But one thing is clear: For some, uncertainty breeds paralysis. For others, the very presence of uncertainty offers a platform to drive clever and radical change. Consider two of the many stories about the latter I heard recently:
1. One IT leader uses uncertainty to reduce his dependency on Microsoft software clients. To be clear, every IT leader I met faces daunting budget pressure. This client’s business is producing basic materials for construction projects globally. Depressed demand for building materials means his company has turned otherwise dormant kilns for firing these materials into ovens for destroying old tires and drugs seized by police. Why? Because finding productive uses for capital investments helps (at least) service debt on that capital when current market demand disappears (and apparently, these kilns burn at such a high heat, they produce zero emissions — that’s cool).
So this IT leader is doing his part by optimizing his employee toolkit. Forrester’s most recent Strategic Planning Forrsights data shows two things: Few people in enterprises actually use the full suite of Microsoft products, and even fewer engage in more than about 15% of the functionality of Microsoft tools. Yet prior analysis indicates that client software, archiving capabilities, and mobility support are some of the largest per-employee cost drivers in the Microsoft toolkit portfolio. Following my logic above, I’d argue there’s no better time for this IT leader to attempt pulling the familiar Microsoft Office tools from the grips of business execs who use it only occasionally. Today, it’s about getting productive use out of our capital.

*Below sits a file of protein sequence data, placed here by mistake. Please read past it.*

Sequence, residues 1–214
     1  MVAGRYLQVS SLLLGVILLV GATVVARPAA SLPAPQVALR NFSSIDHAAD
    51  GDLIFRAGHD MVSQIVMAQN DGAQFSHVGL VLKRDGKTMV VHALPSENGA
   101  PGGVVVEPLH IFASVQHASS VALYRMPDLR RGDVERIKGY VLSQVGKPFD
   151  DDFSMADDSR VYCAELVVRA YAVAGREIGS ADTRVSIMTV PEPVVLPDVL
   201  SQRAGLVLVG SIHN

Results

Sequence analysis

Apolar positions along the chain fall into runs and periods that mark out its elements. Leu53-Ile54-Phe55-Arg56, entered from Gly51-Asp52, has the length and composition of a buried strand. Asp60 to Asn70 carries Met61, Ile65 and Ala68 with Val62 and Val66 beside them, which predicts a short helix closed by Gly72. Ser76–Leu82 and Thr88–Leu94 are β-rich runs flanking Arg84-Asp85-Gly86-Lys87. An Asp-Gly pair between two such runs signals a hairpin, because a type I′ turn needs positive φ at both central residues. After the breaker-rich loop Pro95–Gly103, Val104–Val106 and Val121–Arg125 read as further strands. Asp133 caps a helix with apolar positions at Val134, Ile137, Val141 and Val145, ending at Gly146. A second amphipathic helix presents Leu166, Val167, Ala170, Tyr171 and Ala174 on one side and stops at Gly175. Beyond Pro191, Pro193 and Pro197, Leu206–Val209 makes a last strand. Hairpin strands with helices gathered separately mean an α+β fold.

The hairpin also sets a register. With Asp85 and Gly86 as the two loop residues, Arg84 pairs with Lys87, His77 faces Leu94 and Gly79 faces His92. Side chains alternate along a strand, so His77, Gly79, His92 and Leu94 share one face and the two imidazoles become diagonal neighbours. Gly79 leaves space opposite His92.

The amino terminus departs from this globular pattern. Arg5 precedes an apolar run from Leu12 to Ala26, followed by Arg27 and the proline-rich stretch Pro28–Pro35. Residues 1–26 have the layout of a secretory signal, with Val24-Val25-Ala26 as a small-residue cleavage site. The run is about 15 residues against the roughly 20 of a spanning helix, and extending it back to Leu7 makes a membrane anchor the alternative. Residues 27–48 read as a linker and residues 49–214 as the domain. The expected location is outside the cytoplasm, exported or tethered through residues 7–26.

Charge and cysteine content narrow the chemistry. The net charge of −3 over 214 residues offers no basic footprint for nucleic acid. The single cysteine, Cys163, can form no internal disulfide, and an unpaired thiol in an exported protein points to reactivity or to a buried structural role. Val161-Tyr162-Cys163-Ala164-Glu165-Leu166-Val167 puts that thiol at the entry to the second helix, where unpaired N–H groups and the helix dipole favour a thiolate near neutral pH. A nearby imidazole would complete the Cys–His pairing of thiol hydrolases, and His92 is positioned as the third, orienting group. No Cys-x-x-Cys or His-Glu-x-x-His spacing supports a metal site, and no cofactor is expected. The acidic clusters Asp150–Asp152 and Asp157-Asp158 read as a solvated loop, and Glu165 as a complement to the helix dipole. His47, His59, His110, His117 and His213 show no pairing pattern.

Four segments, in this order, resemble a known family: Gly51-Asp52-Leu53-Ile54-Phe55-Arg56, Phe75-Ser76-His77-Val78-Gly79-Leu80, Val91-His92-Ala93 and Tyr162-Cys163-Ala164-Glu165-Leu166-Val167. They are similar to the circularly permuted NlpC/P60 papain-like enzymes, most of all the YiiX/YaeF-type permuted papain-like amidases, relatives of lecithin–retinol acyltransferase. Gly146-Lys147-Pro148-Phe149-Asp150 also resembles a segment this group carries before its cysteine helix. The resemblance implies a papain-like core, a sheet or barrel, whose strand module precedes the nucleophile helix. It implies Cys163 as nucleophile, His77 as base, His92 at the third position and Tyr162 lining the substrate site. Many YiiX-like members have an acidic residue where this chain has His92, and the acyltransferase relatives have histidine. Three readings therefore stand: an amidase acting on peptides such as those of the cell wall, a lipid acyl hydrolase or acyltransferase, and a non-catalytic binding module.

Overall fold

2. One CIO is using cloud services to enter new markets, quickly. This CIO started our conversation by saying, “Matt, all you market analysts suggest the biggest cost benefit of cloud computing services is reducing headcount associated with administering commodity IT services. What you fail to understand is that it often costs us more to make jobs redundant in my company than it does to keep people.” Yes, many of our clients are very direct with us — and she said it with a great accent, which stings even more. For this client, the inflexibility of labor laws and the power of labor unions is a far bigger constraint on her IT agility than is the complexity of IT systems or internal processes. Clearly, if you can’t recognize the benefits of an IT investment in a reasonable time period due to factors that exist beyond IT’s control, it’s not a strategy.
So this IT leader uses cloud services to enter new markets, quickly. At the same time as her IT budget is being cut by over 10%, this client’s company is expanding into new markets around the world at a breakneck pace. She claims to have found enormous efficiencies in IT infrastructure and operations by enabling cloud services like Google Apps, Workday, and more, rather than creating a new corporate IT footprint in these markets. Considered in this way, it should come as little surprise that brands like Google and Apple have penetrated the top technology brands used in the workplace in places like Latin America, China, and Russia — alongside incumbent providers like Microsoft. Constraints that impede an IT strategy in one market don’t always exist on other markets.
Stories like these make me realise a lot of IT leaders are thinking differently these days. They’re thinking like business leaders, finding new ways to apply technology for the greatest productive use, and innovating at a time and pace that belies global economic conditions and accelerates business strategy.
Posted by Matthew Brown